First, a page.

Technical Education Aided New IBM CEO

Lori Johnston | November 3, 2011

Take a look at the college degree held by Ginni Rometty, who will take over as IBM’s first-ever female CEO and president on Jan. 2, 2012, and you’ll see someone who committed in college to a career in technology. She earned her bachelor’s of science degree with high honors in computer science and electrical engineering from Northwestern University.

Technology is a job sector where more women are needed, and Rometty’s promotion reflects that companies are seeking female leaders with technical experience.

If you’re interested in working in the technology industry, don’t be intimidated by pursuing fields such as computer science while browsing college websites and course catalogs. While the technology field needs people in all types of roles, from human resources to public relations, leaders like Rometty reveal that focusing on science and technology from the onset can be rewarding.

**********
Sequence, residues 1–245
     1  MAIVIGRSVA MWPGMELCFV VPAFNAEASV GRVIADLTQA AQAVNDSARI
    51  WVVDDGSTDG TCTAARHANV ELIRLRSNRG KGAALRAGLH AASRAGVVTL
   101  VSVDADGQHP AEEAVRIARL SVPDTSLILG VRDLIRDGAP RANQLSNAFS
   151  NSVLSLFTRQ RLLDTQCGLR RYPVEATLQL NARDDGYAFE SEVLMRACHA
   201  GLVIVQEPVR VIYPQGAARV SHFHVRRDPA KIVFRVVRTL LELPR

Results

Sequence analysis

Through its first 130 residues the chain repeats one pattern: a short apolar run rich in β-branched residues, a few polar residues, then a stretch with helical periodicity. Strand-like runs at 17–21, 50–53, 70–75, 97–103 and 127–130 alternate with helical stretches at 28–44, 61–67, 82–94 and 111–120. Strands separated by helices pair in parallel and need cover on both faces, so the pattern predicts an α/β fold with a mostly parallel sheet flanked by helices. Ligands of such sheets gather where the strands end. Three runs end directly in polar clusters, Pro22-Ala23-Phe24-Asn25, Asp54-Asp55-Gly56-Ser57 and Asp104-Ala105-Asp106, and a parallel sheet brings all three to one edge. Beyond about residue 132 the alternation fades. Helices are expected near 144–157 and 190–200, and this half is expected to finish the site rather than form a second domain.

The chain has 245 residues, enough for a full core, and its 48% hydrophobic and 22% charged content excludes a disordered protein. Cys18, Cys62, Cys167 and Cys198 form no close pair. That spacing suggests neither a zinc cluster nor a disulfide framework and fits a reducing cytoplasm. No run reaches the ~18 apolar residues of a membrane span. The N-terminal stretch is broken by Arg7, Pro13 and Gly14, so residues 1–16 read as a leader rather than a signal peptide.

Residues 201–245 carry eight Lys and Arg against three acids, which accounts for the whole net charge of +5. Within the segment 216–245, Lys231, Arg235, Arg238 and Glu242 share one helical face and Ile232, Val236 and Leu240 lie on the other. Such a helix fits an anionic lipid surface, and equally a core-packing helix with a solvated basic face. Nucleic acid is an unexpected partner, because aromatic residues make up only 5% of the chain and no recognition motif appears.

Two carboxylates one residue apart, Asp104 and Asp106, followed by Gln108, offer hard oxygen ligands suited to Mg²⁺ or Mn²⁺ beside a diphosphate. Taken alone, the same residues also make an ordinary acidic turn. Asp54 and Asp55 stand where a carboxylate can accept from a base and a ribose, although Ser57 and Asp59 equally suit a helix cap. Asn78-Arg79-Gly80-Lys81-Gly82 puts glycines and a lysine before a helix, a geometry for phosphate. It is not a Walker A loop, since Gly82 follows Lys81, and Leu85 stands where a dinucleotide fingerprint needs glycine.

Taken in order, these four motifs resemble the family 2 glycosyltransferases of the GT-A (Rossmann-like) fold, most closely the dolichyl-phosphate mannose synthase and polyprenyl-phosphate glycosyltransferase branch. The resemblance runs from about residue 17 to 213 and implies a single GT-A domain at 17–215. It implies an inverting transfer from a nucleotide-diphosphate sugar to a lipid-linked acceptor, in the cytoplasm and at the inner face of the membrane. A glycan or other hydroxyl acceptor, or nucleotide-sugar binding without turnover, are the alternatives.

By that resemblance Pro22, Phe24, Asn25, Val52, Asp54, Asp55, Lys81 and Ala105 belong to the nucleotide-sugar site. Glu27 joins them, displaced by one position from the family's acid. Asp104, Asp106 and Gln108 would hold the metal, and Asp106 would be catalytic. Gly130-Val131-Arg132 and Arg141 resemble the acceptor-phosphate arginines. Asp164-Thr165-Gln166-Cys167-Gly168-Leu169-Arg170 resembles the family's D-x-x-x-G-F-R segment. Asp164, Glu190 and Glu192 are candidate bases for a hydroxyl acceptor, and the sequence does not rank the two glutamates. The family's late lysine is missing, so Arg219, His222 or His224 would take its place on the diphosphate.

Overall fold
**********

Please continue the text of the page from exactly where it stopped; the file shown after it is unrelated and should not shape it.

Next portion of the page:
But females are discouraged from technical education pursuits, Caroline Simard, vice president of research at the Anita Borg Institute for Women and Technology, recently told the New York Times. She said:

“Research shows that the majority of people have an implicit bias that associates science and technology with gender, so from a very young age, girls are not encouraged to pursue these careers. Women like Ginni Rometty are a powerful antidote against the stereotype.”

While IBM is a top global company, there are small- and mid-sized technology firms in your own town that need leaders, and by focusing on a technical education in computer science, software engineering, or other tech fields, you could position yourself to take on a leadership role and further help break the glass ceiling.

-Lori Johnston

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